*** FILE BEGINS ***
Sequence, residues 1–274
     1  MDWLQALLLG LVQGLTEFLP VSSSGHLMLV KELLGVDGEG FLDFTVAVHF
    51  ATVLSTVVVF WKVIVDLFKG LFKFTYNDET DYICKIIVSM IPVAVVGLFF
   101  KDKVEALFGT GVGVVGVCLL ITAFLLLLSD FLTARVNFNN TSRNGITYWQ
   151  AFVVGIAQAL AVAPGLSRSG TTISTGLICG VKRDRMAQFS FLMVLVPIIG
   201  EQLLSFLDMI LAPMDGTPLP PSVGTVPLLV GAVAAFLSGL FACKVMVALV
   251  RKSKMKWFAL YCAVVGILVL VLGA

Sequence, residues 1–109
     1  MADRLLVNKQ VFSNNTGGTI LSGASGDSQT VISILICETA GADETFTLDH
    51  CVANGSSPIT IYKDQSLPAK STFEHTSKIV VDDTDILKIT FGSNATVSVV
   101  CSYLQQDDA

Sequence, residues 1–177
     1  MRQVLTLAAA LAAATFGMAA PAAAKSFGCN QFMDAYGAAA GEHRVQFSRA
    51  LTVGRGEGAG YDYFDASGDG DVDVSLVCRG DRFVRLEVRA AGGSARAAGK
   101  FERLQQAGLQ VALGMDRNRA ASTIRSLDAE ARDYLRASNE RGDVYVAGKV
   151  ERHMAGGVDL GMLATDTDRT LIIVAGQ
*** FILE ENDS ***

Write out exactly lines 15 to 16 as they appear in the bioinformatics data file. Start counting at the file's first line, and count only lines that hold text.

   101  FERLQQAGLQ VALGMDRNRA ASTIRSLDAE ARDYLRASNE RGDVYVAGKV
   151  ERHMAGGVDL GMLATDTDRT LIIVAGQ